Straightforward and Stealth Pitches

Want to hear from a Realtor? 

Or more likely, lots of ’em?

Let your listing expire, and just wait.

I don’t make a practice of trolling expired listings for business, but lots of other Realtors — especially newer, less established ones — do.

Would-Be Seller Beware

The pitch can be straightforward — “Hi!  I’m Jane Doe.  I’m with XYZ Broker, and saw that your listing expired.  I just wanted to introduce myself and discuss how I can help you sell your home . . . ”

Or, it can be a little more “stealth”:  “Hi, I’m Jane Doe.  I saw that your listing expired, and may have a Buyer for you.  When is a good time to talk?”  (Note:  sometimes such Realtors really do have a client in tow . . . more often they don’t.)

Occasionally, the foregoing pitch is accompanied by the Realtor’s claim to be a “neighborhood specialist” (sometimes true . . . often not).

Jumping the Gun, or, The Especially Well-Timed Preview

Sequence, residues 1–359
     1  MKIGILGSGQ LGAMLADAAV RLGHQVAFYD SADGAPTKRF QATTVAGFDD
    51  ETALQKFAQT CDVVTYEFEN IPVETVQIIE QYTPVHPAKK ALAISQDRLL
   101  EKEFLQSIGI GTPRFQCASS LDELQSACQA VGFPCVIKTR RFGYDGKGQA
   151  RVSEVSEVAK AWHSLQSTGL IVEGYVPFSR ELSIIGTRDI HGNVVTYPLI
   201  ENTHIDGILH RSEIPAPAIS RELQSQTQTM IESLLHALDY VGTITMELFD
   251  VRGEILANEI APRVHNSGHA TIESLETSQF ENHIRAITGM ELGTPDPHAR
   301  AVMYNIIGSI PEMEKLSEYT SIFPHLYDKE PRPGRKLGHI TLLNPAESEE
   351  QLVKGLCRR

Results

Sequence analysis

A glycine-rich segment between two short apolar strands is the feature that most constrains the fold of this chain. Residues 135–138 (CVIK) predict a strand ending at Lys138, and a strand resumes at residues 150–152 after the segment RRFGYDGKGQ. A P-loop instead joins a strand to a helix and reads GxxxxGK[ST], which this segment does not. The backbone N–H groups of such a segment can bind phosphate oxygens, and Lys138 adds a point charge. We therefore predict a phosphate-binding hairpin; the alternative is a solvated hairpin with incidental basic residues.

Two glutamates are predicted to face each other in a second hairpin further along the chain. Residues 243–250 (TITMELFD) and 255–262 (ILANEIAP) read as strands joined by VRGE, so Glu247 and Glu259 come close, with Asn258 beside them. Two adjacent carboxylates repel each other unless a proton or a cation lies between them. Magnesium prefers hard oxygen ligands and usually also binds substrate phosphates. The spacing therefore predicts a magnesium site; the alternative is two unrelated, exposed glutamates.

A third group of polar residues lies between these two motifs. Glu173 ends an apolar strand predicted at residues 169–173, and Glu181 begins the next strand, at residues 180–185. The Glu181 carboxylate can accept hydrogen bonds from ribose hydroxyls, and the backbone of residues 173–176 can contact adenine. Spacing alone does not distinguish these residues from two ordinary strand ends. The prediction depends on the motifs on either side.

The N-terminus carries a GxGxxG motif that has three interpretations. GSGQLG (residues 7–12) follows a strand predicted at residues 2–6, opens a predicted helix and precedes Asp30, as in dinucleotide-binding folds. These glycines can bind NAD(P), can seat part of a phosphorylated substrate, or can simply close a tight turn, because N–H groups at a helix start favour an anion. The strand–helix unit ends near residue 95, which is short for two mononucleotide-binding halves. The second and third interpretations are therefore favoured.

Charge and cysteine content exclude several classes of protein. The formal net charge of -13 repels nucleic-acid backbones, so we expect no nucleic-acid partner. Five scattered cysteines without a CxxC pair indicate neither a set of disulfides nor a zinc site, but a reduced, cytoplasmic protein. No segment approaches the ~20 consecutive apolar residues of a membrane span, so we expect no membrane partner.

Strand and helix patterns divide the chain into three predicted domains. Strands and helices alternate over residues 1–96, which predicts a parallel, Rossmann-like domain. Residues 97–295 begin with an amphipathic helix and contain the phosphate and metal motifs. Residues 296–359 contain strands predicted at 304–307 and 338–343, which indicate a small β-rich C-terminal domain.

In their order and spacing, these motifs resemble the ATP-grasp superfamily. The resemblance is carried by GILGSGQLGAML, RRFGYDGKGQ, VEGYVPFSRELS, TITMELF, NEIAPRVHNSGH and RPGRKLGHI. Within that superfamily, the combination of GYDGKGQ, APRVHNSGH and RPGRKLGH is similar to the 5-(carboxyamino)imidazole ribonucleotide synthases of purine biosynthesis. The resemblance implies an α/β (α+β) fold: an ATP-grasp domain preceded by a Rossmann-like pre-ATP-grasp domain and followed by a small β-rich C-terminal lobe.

In fact, agents at one Twin Cities broker are known for not waiting for listings to expire to solicit the owner.

Their “m.o.” is to screen listings approaching 3 or 6 months of market time — a common listing contract term — and “coincidentally” schedule Previews then.

The goal?

Leave their business card on the owner’s Dining Room table, and — if the owner happens to be around (permissible with Previews) — engage them in a dialogue.

With tight inventory continuing to be the order of the day, look for a proliferation of such tactics — and more aggressive variations on same — in the coming year.  

See also, “Too Much — and Too Little — Realtor Attention.”

About the author

Ross Kaplan has 19+ years experience selling real estate all over the Twin Cities. He is also a 12-time consecutive "Super Real Estate Agent," as determined by Mpls. - St. Paul Magazine and Twin Cities Business Magazine. Prior to becoming a Realtor, Ross was an attorney (corporate law), CPA, and entrepreneur. He holds an economics degree from Stanford.

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